A Psalm of Life
When examining a poem, there are many ways one can explicate it. Paper Masters recommends taking each line and explaining it word by word. Remember to look at the poem in the overall context of what the author means.
Here are a few facts about A Psalm of Life by Henry Wadsworth Longfellow:
- Inspired by the work of Johann Wolfgang von Goethe
- Was written about a conversation he had with a fellow Professor at Harvard
- Poem was first published in The Knickerbocker
The poem, "A Psalm of Life" by Henry Wadsworth Longfellow is one that makes the declaration that life must be lived to the fullest. The poem also hints of life after death, "For the soul is dead that slumbers, And things are not what they seem" . Longfellow seems to be stating that in order to live life to the fullest, one must also believe in the promise of life after death.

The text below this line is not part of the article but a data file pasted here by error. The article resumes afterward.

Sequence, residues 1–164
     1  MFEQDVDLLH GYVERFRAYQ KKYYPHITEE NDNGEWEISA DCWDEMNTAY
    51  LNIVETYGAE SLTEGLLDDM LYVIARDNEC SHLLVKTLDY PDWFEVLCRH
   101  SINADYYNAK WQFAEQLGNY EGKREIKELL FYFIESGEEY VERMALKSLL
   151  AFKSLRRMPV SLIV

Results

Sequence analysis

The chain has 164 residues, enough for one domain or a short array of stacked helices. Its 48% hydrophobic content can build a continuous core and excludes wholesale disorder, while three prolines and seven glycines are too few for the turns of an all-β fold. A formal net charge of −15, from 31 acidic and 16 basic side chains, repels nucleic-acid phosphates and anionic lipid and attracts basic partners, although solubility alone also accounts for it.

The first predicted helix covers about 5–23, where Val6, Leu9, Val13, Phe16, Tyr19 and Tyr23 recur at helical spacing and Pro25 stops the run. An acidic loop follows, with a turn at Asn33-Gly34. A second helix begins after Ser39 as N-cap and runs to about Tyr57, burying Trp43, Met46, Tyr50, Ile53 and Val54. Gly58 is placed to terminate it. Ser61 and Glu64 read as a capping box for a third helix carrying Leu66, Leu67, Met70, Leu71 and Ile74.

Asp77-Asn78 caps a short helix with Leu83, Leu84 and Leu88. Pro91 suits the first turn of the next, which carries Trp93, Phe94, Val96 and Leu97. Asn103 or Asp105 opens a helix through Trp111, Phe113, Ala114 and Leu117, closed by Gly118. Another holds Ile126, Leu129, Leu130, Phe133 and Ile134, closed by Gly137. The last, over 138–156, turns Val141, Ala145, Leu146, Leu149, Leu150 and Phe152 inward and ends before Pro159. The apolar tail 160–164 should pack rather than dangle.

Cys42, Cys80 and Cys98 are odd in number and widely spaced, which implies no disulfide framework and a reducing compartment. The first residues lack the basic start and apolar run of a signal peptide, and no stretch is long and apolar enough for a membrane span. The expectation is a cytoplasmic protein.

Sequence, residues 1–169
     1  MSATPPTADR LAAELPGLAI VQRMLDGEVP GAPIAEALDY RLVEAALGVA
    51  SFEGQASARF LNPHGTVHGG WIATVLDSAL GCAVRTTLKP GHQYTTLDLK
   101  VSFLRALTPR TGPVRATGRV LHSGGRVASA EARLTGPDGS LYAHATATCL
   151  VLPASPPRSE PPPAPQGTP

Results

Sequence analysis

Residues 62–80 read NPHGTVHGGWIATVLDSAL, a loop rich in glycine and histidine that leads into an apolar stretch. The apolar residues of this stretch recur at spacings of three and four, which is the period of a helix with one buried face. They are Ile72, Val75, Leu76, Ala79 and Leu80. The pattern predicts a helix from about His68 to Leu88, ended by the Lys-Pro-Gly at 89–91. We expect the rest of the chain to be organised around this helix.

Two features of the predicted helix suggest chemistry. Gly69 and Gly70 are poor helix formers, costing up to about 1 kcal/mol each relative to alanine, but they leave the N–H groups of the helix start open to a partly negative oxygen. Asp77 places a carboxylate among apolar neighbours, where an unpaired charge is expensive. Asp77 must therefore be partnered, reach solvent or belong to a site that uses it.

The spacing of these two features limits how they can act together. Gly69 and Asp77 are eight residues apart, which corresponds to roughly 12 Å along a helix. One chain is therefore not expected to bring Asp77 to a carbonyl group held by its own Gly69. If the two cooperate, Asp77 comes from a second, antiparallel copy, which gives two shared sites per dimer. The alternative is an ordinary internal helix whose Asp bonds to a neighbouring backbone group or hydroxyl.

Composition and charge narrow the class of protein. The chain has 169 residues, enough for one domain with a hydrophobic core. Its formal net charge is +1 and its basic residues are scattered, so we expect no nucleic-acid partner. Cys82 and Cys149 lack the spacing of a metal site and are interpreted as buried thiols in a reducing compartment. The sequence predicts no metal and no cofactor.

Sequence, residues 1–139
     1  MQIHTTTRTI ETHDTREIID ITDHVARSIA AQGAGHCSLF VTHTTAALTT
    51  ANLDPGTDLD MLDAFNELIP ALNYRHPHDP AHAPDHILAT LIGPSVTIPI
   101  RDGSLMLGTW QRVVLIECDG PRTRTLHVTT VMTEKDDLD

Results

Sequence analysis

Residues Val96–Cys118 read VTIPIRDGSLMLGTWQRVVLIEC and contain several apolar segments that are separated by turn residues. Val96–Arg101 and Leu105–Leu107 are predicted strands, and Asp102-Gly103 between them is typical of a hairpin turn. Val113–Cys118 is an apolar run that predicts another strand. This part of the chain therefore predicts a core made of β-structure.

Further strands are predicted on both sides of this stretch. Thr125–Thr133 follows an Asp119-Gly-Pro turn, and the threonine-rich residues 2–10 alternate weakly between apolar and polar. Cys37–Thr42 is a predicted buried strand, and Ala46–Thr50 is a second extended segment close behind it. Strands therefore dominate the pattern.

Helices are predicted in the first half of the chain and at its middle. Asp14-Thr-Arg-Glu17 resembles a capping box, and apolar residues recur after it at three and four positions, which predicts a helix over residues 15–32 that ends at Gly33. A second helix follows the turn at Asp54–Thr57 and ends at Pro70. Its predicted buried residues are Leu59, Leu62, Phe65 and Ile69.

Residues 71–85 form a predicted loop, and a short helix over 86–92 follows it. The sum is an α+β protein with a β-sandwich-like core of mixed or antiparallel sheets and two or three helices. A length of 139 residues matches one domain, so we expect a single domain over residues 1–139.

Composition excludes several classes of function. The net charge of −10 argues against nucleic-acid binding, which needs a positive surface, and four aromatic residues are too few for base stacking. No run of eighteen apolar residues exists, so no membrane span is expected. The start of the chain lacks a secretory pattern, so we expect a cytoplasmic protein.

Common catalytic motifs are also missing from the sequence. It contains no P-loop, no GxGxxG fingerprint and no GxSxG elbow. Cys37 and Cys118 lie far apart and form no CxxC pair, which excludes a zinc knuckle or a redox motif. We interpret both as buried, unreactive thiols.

A Psalm of Life and Longfellow's Heaven
The path to an ever lasting life is one that all mortals take, "In our destined end or way; But to act, that each to-morrow, Find us further than to-day" . Longfellow seems to be indicating that in order to reach true fulfillment, the actions we take in life should lead us in the right direction toward a rewarding life in Heaven.
Next Longfellow indicates that mortal life is short by comparing it to "Art" which is endless. Yet while mortals may die, their death does not mean the end of life. Longfellow further indicates that life on earth is not easy, yet it is all the better for those who are brave enough to live it to its fullest.
Later on in the poem Longfellow indicates that we pattern our lives after the successes of others, and that those who follow us in life will do the same. The major theme of the poem is that God will take care of his people, and that his people should take heart in knowing that death is not the end of life.